‘It would have been a much easier task to concentrate on infiltrating the (opposition) but now they have to deal with uncertainty as to who is with them,’ said Brian Kagoro, a director of the UHAI Africa think-tank.

Mugabe was forced to quit when the military briefly took power in November and ZANU-PF lawmakers launched impeachment proceedings against their once beloved leader. Since his dramatic reversal of fortune, he has largely appeared to stay out of public life.

The military moved against Mugabe, 94, after he sacked his then-deputy and heir-apparent Mnangwga apparently fearing the nonagenarian was grooming his wife Grace to succeed him as president.

The former first lady had cultivated her own factional support base within ZANU-PF known as ‘G-40’ that was seen as hostile to the security establishment.

‘There is a fight for legitimacy among the retired military supremos,’ said Kagoro, who suggested that Mugabe was behaving with ‘grand malice’ over his treatment.

The NPF claims to have many members ‘who are outraged by the unconstitutional and humiliating manner in which president Mugabe was criminally ousted from the leadership of both ZANU-PF and the country’.

Who is Robert Mugabe? Zimbabwe’s implacable tyrant

Robert Mugabe was ousted in November 2017 after a 30 year career as President of Zimbabwe.

Mugabe was instrumental in founding the Republic of Zimbabwe – but became known for his brutal policy and corrupt leadership.

His rule proved to be one of the most controversial of any world leader in the 20th or 21st century.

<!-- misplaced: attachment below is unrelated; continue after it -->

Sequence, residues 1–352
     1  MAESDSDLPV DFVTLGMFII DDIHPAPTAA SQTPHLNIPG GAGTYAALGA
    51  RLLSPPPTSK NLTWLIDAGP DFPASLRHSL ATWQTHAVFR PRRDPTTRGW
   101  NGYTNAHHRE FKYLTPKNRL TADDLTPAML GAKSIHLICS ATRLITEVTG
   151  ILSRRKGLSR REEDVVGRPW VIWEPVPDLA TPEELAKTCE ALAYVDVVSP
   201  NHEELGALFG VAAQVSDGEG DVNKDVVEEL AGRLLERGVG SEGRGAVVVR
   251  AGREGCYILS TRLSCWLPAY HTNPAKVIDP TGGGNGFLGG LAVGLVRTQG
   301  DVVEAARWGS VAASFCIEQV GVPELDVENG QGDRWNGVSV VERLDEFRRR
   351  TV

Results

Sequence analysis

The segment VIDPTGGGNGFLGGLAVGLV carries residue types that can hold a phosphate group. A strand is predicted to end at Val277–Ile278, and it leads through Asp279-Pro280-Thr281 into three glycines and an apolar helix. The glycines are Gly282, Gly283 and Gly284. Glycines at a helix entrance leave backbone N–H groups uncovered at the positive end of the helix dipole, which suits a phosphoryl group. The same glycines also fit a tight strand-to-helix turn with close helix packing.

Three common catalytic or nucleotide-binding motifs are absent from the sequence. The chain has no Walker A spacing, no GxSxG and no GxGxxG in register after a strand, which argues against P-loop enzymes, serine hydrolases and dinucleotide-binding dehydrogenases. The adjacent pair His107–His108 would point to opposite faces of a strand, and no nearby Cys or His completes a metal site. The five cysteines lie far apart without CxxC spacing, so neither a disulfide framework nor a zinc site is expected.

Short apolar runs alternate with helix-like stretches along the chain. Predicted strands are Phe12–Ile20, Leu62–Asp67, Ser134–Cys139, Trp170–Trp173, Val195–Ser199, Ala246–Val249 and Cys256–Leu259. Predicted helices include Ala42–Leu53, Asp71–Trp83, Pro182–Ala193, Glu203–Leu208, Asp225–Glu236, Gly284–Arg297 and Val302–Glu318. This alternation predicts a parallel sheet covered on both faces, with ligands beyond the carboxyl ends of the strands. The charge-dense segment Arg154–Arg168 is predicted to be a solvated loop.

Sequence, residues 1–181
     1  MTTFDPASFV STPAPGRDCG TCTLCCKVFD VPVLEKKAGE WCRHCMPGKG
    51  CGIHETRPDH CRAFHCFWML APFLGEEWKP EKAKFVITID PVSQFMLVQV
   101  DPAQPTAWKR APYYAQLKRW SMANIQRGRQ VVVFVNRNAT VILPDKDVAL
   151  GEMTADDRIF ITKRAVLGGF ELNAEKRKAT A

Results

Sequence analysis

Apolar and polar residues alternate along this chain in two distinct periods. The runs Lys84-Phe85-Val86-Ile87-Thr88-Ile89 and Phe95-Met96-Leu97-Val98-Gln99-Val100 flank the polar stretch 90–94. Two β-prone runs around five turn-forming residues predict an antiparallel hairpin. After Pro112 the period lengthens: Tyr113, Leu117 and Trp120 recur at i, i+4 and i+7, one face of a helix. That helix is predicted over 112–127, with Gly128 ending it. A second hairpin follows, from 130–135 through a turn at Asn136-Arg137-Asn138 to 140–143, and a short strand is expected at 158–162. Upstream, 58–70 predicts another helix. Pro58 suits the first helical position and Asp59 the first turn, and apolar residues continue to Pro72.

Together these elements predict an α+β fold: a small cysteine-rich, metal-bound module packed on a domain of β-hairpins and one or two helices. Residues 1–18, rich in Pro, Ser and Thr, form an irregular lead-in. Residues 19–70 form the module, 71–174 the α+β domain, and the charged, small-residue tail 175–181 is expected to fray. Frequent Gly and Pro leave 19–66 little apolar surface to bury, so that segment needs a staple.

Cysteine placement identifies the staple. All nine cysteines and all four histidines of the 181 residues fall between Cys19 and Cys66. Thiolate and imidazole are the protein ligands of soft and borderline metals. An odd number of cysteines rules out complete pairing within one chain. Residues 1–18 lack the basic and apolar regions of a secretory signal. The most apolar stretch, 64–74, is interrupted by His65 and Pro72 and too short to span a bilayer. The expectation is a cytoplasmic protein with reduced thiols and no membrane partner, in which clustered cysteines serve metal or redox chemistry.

At 94 years of age when he was eventually replaced by a military coup he was by far the world’s oldest active national leader.

He was deposed by a military uprising but refused to resign from office for several days afterwards – prompting days of protests across Zimbabwe.

Eventually he was persuaded to resign and he was replaced in his position as President and leder of Zimbabwe’s ruling Zanu-PF party by Emmerson Mnangagwa – known as ‘the crocodile’.

Despite the NPF’s emergence and the ensuing trepidation at the top of ZANU-PF, the pretender party is unlikely to make significant inroads at the polls.

‘They are trying to create the impression that Mugabe has a lot of residual support,’ said Derek Matyszak, a independent Zimbabwean political analyst. ‘But I don’t think they are going anywhere.

‘And though he is unaccustomed to not exercising his bit of power, I can’t see him going full on into the political field because he is dependent on Mnangagwa to have a comfortable retirement.’

Mutinhiri himself is seen as a marginal figure without an established regional or ethnic base that would be essential to dent ZANU-PF’s monolithic grip on power.

Chitanga, the analyst, said it was unfortunate that Mugabe appeared to be ‘getting entangled in opposition politics.’

‘The normal thing would have been for him to retire quietly,’ he said.

The NPF has quoted Mugabe as saying that ‘people are free to belong to parties of their choice’.

It also vowed to ensure ‘there is no interference by the army, or those that would want to resort to violence as a means of getting votes’.

It is an irony that will not be lost on voters that elections held under Mugabe were marred by violence and voter intimidation – alongside allegations of electoral fraud.